By John Phillips, General Manager at Zuora EMEA
In the past, traditional banking institutions were generally “safe” when it came to customer retention. Apart from an overwhelming sense of brand loyalty, a severe lack of differentiated, alternative options and time-intensive processes hindered customers’ ability to easily switch banks.
Yet today, new and innovative competitors like Monzo, Revolut and Starling have found a gap in the market, offering consumers a digital-first and flexible alternative to their traditional counterparts. This has, unsurprisingly, put many banks in a position of fight or flight, leaving them with the choice: evolve or fall behind the competition.
This isn’t the only situation at play within the financial sector. From the shift to digital and automated services, to the implementation of big data and the unbundling of business models, countless forces have started to shape a new era: The Subscription Economy, marked by broad consumer preference for access to services over the ownership of physical products.
In the Subscription Economy, Consumer Preference is King
Today’s successful organisations – regardless of industry – have found solstice through the subscription model. Not only do subscriptions provide more predictable, recurring revenue, but they enable businesses to obtain and leverage rich customer data and analytics to iterate their offerings, work digitally, and most importantly, embrace evolving consumer preferences. In today’s economic climate, financial institutions need to double down on customer relationships and evolve their subscription offerings to do the right thing by customers and meet their rapidly changing needs.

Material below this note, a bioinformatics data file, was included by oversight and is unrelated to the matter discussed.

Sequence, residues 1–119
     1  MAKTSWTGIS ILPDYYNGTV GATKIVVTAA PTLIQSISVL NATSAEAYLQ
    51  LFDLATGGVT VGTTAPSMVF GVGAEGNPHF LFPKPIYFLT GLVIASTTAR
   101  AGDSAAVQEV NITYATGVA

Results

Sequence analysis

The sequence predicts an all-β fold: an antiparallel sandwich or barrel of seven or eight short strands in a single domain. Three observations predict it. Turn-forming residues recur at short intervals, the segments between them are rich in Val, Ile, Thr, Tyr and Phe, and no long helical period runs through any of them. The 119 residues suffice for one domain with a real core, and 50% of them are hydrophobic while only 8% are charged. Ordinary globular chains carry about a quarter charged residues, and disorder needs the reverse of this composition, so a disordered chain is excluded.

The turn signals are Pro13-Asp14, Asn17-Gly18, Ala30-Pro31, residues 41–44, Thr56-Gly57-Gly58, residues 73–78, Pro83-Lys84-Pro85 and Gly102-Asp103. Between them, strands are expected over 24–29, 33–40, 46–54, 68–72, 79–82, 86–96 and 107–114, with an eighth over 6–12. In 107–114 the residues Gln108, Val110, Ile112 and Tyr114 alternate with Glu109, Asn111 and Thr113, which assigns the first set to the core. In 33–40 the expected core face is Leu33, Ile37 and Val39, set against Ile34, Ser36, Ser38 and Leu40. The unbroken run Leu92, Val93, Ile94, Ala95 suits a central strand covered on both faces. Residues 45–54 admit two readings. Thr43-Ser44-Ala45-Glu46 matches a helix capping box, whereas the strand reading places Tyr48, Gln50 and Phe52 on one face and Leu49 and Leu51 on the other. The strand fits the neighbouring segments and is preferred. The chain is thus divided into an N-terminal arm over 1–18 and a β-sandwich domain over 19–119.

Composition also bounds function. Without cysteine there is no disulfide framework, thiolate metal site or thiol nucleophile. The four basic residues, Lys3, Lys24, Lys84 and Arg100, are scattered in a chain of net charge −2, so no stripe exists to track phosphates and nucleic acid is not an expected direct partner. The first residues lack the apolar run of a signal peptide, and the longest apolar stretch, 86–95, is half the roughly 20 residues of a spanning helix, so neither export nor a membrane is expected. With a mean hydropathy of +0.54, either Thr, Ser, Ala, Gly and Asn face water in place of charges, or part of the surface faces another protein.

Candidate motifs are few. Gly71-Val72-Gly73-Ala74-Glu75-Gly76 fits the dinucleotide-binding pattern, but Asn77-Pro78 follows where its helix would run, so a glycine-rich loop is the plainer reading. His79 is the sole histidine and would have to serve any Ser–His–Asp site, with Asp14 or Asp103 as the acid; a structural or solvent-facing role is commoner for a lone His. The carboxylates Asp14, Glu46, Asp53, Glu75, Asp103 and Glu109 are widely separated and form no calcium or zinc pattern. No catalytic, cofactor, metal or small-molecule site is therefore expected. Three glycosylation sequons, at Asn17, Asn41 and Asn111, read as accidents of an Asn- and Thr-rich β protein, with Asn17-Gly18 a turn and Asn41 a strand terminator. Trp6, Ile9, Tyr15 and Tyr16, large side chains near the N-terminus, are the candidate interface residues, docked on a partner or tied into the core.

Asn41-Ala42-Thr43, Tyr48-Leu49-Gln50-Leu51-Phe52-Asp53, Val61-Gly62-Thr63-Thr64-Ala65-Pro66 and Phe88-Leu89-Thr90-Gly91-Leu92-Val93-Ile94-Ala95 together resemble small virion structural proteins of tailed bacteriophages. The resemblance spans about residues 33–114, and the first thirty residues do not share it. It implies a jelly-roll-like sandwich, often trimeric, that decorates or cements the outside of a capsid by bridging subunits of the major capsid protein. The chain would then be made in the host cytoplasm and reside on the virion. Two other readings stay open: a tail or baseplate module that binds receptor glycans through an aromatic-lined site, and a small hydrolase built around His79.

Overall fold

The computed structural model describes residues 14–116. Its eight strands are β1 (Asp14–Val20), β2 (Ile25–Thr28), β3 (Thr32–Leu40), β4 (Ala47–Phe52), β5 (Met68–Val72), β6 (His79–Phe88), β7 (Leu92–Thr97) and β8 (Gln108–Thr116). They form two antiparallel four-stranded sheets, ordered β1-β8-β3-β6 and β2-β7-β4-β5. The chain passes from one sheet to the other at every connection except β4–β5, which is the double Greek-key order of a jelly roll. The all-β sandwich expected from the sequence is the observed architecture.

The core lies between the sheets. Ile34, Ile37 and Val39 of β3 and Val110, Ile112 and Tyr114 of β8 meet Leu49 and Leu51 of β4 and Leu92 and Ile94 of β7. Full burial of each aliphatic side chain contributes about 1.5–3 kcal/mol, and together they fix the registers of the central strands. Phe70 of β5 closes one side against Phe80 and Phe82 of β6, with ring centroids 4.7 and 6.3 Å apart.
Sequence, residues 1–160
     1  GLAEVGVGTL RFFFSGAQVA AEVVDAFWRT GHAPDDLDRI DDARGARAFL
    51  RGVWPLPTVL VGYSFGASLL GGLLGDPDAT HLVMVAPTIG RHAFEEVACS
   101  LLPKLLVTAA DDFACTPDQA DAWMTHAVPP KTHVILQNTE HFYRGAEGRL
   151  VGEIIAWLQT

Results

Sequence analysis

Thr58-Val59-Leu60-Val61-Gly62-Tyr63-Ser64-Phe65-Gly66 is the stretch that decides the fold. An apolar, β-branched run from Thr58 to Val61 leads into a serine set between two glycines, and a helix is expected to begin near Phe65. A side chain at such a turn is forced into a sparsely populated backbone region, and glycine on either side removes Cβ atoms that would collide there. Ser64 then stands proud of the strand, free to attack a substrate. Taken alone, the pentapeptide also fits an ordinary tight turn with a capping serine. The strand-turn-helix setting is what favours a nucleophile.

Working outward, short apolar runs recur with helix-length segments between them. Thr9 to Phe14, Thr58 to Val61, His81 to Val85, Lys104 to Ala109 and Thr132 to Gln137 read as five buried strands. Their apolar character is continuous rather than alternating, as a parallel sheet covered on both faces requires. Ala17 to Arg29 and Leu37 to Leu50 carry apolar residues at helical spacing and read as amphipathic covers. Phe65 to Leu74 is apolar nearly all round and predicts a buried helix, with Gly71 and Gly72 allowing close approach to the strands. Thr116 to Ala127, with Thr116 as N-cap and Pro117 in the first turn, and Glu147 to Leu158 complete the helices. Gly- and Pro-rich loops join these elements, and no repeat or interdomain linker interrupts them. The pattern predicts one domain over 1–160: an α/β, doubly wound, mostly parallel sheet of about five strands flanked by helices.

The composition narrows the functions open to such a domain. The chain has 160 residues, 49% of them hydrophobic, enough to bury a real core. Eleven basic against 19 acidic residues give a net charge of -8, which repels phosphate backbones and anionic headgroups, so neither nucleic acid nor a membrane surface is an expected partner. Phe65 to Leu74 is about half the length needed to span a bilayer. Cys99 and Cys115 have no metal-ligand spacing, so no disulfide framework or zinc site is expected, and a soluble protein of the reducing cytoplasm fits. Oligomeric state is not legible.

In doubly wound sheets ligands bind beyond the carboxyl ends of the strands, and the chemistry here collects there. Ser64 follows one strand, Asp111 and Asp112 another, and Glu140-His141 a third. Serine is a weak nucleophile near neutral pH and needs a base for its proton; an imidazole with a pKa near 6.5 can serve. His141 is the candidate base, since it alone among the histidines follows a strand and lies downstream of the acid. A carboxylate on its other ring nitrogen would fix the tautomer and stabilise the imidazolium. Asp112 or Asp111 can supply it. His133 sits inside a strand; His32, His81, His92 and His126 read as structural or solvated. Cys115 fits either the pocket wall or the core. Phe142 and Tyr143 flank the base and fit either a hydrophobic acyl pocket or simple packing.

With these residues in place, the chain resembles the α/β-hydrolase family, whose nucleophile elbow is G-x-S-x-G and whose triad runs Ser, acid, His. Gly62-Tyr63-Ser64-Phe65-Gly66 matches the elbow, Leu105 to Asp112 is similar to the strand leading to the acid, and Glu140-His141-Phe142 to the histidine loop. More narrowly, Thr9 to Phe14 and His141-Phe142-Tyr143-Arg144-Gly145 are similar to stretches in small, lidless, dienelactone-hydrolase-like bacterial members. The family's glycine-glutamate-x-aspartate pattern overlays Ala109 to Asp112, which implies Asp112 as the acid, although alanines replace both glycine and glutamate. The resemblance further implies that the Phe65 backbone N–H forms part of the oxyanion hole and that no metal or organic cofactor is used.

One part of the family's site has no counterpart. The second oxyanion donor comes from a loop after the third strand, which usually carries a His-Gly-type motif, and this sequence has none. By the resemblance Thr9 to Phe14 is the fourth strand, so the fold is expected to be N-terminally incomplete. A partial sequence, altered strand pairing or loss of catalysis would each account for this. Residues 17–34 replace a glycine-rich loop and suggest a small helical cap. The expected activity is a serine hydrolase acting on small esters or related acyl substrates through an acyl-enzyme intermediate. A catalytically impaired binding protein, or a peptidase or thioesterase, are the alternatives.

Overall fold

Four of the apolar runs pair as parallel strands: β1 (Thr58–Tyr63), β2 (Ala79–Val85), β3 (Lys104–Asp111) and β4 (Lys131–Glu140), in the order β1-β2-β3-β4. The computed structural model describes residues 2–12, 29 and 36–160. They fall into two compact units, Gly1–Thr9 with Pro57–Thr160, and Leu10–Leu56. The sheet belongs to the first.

The modern consumer is driving the demand for flexible and convenient services over the ownership of traditional products. According to an international survey of more than 13,000 adults by The Harris Poll on behalf of Zuora, more than half of all consumers (57%) wished they could own less – and 70% believe subscriptions could free them from the burden of ownership.
This affinity for subscription services is being dubbed the “end of ownership” and has helped a new generation of organisations succeed. Even during COVID-19, many subscription businesses are coming out on top. For example, when it comes to retailers, with millions stuck indoors, the appetite for new ways to buy groceries, beauty and DIY products are seeing subscription businesses boom. This is supported by new data from Zuora’s COVID-19 Impact Report shows 47% of subscription companies have not seen a significant impact to their subscriber acquisition rates. Within this, 20% of companies are seeing their subscription growth rate accelerate and 17% of companies are seeing slowing growth, but are still growing.
The subscription model has helped retailers transform age-old processes to focus on building long-term customer relationships, creating personalised packages which are carefully constructed according to consumer segmentation, individual pricing models, and intelligent data analysis. And this has never been more important as consumers are now looking towards brands to provide them with a sense of value and delight that’s suited to their individual needs.